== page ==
By On the occasion of our 20th anniversary
By Gustavo Arellano
By R. Scott Moxley
By Alfonso Delgado
By Courtney Hamilton
By Joel Beers
By Peter Maguire
By Charles Lam
Bert called Carl into his office and told him that he'd seen the Nazi scrapbook. But when he told Carl he was furious, the mechanic asked why.
"I looked at this kid and said, 'Because I am Jewish.' And he said, 'I have nothing against Jews. I'm not anti-Semitic.' I told him, 'You're a follower of Hitler. Do you know what that means? Do you know what that man stood for?' And Carl said, 'As far as Jews go, I don't follow him on that.' 'Everything goes together,' I said.
"I told him to go back to work. And I called the Labor Commission and told them the situation, that I had a Nazi working for me. But the woman said I could not fire anyone over his or her political beliefs. I explained that this was an extreme case because of my background. But she said the law was the law and that I would have to find another way of dealing with the situation."
The next day, a Volkswagen came in; the owner complained of brake problems.
"I gave the car to Carl and asked him to check it out and tell me what it needed," Bert says. "I had heard metal-to-metal scraping; I knew the problem. But I didn't tell him that. The procedure for checking something like that is to look through a hole in the drum and see if there was any lining left. He looked through the hole and saw that there was lining. But he didn't rotate the drum to look on the bottom of the shoe, where there was no lining. So he adjusted the brakes and said that was all it needed.
"Well, I tested the car, and of course I found that the brakes were shot. I told him that he didn't inspect them properly, that he was derelict in his duty as a mechanic, and that I couldn't trust him anymore. And I let him go. I didn't mention the book. I didn't want that to come into play. He left without a word. He was not sharp enough to say, 'Hey, Bert, you're firing me for another reason.'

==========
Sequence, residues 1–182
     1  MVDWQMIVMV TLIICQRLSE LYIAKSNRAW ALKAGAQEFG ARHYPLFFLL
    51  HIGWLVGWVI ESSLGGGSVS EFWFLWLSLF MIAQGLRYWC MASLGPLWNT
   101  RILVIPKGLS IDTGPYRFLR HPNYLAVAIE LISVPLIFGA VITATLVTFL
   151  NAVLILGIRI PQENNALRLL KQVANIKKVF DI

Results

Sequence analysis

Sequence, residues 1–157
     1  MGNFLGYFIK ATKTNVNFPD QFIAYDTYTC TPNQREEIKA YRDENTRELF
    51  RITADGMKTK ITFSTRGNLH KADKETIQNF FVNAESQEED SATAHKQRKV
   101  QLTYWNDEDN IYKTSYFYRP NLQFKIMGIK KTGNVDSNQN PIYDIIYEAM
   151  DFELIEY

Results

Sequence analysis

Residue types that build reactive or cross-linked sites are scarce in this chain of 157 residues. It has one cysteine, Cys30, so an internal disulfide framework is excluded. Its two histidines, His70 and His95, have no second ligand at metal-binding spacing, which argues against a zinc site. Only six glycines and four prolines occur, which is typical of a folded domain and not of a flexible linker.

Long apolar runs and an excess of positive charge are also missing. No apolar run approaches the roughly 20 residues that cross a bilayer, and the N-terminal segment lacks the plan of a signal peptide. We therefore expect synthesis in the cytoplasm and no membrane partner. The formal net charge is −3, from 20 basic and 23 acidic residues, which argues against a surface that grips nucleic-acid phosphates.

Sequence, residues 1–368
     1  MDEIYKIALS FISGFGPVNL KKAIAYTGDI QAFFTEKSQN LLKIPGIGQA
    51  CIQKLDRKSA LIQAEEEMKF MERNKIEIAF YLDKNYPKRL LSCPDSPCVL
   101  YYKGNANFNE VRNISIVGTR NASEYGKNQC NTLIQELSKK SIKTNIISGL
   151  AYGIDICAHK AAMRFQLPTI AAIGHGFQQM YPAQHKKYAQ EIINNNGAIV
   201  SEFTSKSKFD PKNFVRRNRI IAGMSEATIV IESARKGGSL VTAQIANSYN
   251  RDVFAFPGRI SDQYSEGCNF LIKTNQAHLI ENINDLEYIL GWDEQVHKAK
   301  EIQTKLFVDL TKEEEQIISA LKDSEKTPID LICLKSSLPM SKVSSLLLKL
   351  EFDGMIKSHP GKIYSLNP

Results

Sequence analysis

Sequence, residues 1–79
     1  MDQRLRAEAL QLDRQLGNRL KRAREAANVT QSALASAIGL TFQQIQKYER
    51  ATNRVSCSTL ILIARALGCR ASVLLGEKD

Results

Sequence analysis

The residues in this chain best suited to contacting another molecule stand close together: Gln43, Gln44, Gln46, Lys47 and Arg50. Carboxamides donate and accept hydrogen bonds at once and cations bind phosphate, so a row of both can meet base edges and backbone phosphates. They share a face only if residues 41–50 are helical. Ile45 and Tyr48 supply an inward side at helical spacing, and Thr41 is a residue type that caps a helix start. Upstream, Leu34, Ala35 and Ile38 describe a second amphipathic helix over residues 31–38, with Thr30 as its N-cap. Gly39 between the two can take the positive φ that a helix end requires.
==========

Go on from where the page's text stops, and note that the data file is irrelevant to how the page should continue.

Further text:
"Now a couple of years later, I was at Temple Beth Shalom at High Holy Day services. Suddenly, there's a tap on my shoulder. I turn around and, lo and behold, it was Carl. I couldn't believe he was there. And, of course, I couldn't wait to hear what he had to say. So when the service was over, I walked outside.
"Carl told me he was converting to Judaism. I asked him what happened to make him change from being a Nazi to becoming a Jew. And he said, 'Well, it'll be difficult for you to understand. But something happened a year after you fired me. My mother never talked to me about her past. She was always sad and quiet. But she took me aside one day and told me that she was Jewish.'"
Carl's father, it turned out, had been a soldier in the German army during the war, assigned to guard trains shipping Jews to the concentration camps. "But at one of the stops, the doors were flung open," Bert says. "Carl said, 'In the train car, my father saw this beautiful Jewish girl. And he took her off the train and hid her at one of the farms in Bavaria, with one of his friends.' Later, after the war, Carl's father made her swear that she would never divulge to anyone that she was Jewish. 'She always kept this as a secret. But she couldn't live with the secret,' Carl said.
"When I asked Carl why he was at the temple, he said, 'Because I am a Jew. And I want to learn what it is to be a Jew.'"
"Did you give him any encouragement or see him after that?" I ask.
Bert shakes his head.
"No. I just said, 'I hope you find what you're looking for.' And I never saw him after that. But I still wonder about something. I wonder how his father got into this country."